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Studio didn't report 'Potter' leak to feds

Law enforcement typically investigates feature films leaked to Web before their debuts. But sources say Warner Bros. has yet to speak up about pirating of latest Harry Potter film.

After several blockbuster films have been leaked to the Web and generated lots of press for the movies, the public is increasingly suspicious about whether the studios are orchestrating the piracy.

Warner Bros. Pictures

The most recent example came Tuesday evening, when 36 minutes of the upcoming Warner Bros. Pictures film, "Harry Potter and the Deathly Hallows Part 1," turned up on file-sharing services. Blogs and online forums overflowed with theories about who leaked the film. "It may be going a little bit too far to suggest that Warner Bros. leaked the film intentionally, but from a business perspective it might make sense," wrote Ernesto, editor-in-chief of Torrentfreak, a blog that focuses on file sharing.

What might send some conspiracy theorists into a frenzy is knowing that, unlike most of the other studios that have suffered similar leaks, Warner Bros. has yet to contact law enforcement.

Paul McGuire, a Warner Bros. spokesman, said "the FBI, as part of the normal process, will be brought in when appropriate." An FBI spokeswoman declined to comment.

When a working copy of "X-Men Origins: Wolverine" was distributed illegally online before the film's debut, 20th Century Fox was quick to call in the FBI. A New York man was arrested in connection with the leak and the case is still pending. Paramount quickly alerted the FBI after the Mike Meyers comedy, "The Love Guru" was pirated, A suspect in the case, a man who worked at one of the production companies that worked on the movie, was arrested, convicted, and sent to jail for six months.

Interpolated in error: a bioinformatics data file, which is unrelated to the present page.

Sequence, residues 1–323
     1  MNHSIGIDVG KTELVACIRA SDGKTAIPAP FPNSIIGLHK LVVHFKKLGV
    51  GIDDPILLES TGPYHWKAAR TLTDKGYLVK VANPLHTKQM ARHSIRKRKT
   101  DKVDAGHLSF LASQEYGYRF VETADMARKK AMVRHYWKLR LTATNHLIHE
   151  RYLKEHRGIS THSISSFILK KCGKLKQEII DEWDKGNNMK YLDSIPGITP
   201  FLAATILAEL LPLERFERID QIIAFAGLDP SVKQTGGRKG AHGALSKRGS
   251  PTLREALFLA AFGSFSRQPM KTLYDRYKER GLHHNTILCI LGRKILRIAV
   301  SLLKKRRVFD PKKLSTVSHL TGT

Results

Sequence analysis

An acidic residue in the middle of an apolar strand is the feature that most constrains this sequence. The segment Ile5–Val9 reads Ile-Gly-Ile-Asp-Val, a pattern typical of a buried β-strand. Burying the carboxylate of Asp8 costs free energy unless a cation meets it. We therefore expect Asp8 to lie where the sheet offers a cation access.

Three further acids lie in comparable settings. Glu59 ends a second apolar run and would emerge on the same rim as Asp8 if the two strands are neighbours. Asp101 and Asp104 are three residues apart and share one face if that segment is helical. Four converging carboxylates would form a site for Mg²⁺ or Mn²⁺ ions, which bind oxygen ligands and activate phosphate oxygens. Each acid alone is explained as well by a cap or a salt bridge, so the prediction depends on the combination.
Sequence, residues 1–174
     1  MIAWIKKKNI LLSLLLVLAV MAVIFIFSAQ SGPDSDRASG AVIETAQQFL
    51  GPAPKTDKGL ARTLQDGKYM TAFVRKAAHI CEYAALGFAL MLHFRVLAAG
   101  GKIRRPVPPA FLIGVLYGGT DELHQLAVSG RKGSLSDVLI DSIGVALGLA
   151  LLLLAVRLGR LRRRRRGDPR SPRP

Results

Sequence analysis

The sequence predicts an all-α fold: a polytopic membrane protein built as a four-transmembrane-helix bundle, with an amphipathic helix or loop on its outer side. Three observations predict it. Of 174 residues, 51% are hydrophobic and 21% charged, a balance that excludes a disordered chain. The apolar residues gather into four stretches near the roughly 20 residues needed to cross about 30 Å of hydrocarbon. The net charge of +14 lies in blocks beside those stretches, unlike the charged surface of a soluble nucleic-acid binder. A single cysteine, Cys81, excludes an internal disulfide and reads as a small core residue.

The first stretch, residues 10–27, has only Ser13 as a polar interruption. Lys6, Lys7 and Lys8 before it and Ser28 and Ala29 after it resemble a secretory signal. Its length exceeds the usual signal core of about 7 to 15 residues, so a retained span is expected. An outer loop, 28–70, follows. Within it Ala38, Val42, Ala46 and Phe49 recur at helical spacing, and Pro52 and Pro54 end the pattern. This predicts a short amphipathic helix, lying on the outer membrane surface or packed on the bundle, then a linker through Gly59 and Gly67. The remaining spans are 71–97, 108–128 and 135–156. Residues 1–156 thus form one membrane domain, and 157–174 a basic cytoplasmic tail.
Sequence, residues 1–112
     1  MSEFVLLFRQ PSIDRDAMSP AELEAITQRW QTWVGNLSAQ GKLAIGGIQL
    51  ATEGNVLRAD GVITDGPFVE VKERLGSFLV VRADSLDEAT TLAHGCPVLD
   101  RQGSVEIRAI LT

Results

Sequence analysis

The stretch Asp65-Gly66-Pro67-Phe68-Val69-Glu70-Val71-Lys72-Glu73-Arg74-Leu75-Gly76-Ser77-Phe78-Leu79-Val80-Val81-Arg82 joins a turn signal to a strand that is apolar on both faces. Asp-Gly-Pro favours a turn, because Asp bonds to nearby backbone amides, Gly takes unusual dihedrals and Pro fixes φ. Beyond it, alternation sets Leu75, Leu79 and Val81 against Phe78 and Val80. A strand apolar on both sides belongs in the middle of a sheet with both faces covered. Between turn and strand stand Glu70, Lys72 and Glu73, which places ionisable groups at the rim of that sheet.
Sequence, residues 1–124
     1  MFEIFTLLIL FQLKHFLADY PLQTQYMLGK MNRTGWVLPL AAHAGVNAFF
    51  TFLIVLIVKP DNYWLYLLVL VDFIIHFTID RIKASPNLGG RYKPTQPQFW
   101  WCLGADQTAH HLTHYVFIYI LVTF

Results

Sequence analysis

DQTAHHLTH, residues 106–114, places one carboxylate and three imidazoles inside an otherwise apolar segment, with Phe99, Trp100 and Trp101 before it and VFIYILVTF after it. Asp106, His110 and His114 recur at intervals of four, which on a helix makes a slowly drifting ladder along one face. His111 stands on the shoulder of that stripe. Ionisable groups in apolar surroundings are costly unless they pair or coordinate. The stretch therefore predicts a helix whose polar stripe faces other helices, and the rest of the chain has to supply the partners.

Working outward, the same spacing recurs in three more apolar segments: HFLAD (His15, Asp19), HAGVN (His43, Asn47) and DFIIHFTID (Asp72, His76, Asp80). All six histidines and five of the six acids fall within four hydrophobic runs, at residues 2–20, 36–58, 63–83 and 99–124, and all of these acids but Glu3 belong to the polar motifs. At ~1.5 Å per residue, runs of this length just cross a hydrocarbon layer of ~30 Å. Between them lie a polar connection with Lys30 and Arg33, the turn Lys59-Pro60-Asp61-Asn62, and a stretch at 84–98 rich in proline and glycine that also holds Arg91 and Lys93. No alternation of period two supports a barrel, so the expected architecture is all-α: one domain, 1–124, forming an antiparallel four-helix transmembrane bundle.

Sources in the film industry said it's highly unlikely Warner Bros. had anything to do with the leak. The Harry Potter series represents a huge investment for Warner Bros. and the studio would not have risked receiving negative comments from file sharers or diluting the impact of the film's premiere by releasing such a large chunk of it online.

According to sources in the film industry and in law enforcement, there are several reasons why Warner Bros. may have chosen not to have gone to the authorities. The movie, which is scheduled to be released worldwide on Friday, may have leaked outside the U.S. The clip is watermarked and appears to have come from one of the screener copies that studios send to critics, theater owners, and advertising partners prior to most releases.

In addition, Warner Bros. may already know who leaked the film and is working on some kind of quiet resolution. The sources said that other studios have chosen to try and keep leaks quiet for fear that boosting the profile of the pirated material will encourage more people to download the content.